Adopter, Beware!

In
Life with your best friend
January 20, 2021
5 mins

Adopter Beware

We’ve said it before, and we continue to believe it. If you are ready to open your heart and your home to an animal companion, adopt, don’t shop. But keep in mind that just because you are adopting an animal from a place that calls itself a rescue, that doesn’t mean that the organization is legitimate. Unfortunately, fraudulent or unprofessional animal rescues have always been around, and animal adoption scams are on the rise as more people look to add animal companions to their lives during the COVID-19 pandemic. It is a sad truth that some organizations claiming to be animal rescues are really just mills, or don’t even have any animals at all; the only thing they are selling is a cute picture and disappointment. So, while adopting is a wonderful way to save the life of an animal, be sure that the organization you choose to work with is on the up and up.

Go Offline

It is easy to begin your hunt for an animal companion with an internet search, but it is just as easy to get taken in by adorable pictures and stories of rescued strays that turn out not to be true. Pay attention to your intuition and watch for signs that you are about to fall victim to a scam before sending any money. Often, the first sign that you are dealing with a phony rescue is that the contact person won’t meet offline. He will ask for money to be wired or sent digitally before you even get to see the animal in person and will typically claim that the money is for administrative costs, such as transport fees to get the animal to you, rather than to support the mission of the organization. You should always meet the animal before sending any money, not only to avoid being scammed, but importantly to make sure that you and the animal are a good match.

Vet the Rescue

If possible, visit the rescue in person or do a thorough vetting online in order to make sure that it follows acceptable standards of care and cleanliness. If the animals do not look well cared for, if the space is unclean, or the rescue doesn’t provide safe shelter and adequate food and water for the animals, then walk away. Unfortunately, there aren’t any governmental regulations for animal rescues so they can legally operate with minimal standards of care and no oversight, but the legitimate organizations voluntarily follow standards of care suggested by humane associations.

Make Sure the Rescue Vets You

If the organization is willing to simply hand over an animal to you just because you expressed interest, that is a huge red flag. Legitimate rescues will vet potential adopters thoroughly, often requiring more than one meeting with the animal. Some even require home visits so that they can be sure that you can provide a good home to the animal and that you are who you say you are. Additionally, true rescues will not pressure you in the adoption process or rush through or skip steps in the application. Even more than you want to add an animal companion to your life, the best rescues want to ensure that their animals are going to good homes. And that is why true rescues not only allow but encourage you to return an animal to them if, for any reason, a problem arises that prevents you from caring for the animal. Any organization that won’t accept back an adopted animal when a problem arises is not a legitimate rescue.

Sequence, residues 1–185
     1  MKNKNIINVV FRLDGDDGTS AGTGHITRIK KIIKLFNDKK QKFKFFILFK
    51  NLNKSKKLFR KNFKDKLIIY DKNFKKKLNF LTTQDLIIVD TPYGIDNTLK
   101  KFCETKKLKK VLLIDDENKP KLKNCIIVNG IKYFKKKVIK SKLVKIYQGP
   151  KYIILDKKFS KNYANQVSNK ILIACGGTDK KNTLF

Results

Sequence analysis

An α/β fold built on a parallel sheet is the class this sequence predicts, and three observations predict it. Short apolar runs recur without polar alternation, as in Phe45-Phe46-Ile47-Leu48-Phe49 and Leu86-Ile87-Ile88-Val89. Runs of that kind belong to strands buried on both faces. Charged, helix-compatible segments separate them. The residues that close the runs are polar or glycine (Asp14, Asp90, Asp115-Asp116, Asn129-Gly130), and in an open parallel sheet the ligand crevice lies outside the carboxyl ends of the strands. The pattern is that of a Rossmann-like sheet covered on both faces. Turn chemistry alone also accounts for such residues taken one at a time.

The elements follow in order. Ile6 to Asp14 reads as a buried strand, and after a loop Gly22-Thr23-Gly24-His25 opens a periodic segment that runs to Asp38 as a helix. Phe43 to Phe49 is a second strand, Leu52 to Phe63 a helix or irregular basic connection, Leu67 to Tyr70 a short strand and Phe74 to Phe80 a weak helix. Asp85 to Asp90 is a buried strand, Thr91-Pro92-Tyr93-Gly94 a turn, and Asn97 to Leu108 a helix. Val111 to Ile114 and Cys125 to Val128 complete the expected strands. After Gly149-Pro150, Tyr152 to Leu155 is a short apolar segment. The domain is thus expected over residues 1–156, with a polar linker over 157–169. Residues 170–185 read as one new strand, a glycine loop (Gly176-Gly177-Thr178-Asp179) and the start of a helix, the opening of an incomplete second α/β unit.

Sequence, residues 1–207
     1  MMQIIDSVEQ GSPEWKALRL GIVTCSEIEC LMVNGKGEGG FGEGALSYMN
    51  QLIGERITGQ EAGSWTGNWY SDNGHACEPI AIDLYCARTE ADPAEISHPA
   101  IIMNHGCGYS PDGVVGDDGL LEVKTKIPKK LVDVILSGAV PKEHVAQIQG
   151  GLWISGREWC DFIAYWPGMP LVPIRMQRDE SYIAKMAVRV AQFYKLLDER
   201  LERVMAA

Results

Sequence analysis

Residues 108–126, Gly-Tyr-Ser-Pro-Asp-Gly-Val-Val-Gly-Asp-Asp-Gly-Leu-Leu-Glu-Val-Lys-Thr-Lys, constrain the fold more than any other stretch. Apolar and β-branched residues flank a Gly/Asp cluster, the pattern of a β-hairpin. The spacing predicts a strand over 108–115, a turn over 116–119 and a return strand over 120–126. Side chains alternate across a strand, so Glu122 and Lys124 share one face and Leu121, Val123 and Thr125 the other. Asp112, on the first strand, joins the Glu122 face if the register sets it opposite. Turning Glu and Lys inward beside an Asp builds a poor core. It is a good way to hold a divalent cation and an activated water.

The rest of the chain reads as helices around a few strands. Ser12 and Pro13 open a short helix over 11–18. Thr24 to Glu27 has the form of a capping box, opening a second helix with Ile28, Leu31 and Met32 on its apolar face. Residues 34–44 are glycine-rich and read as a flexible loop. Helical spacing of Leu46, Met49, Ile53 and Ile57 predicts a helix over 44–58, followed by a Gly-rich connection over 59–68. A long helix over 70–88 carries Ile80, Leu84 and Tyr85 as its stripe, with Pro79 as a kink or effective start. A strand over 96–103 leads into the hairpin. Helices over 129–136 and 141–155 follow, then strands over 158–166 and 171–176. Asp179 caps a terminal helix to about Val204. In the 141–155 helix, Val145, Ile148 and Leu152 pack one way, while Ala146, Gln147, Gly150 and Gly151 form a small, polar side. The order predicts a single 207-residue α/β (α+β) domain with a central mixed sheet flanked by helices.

Know What You Are Paying For

All rescues will have fees, but they should be reasonable and necessary to care for the animals. Most rescues rely on volunteers to care for the animals and manage the logistics, so the fee should primarily be money needed to actually care for the animals. If the amount seems too high, it probably is.

Get Your Questions Answered

If the rescue can’t or won’t answer specific questions about the animal, then you should look elsewhere to adopt. You should know the details about how the animal came to be at the rescue and any history that is known about the animal. There should be records of vaccinations and other veterinary care. And the staff should be upfront about any health or behavioral problems the animal may have.

Overall, most rescue organizations have the needs of their rescued animals as the driving force of all they do, and their work is invaluable. Sadly, however, there are those who would take advantage of people wanting to help an animal in need, so it is important to be on the lookout for less-than-stellar or outright phony rescues. If you happen to encounter one, report it to your local humane society or the National Animal Rescue and Sheltering Coalition. And if you suspect an adoption scam or animal abuse, report it to local authorities. If we take care to avoid these unethical “rescues,” then maybe we can put them out of business and help animals in the process.

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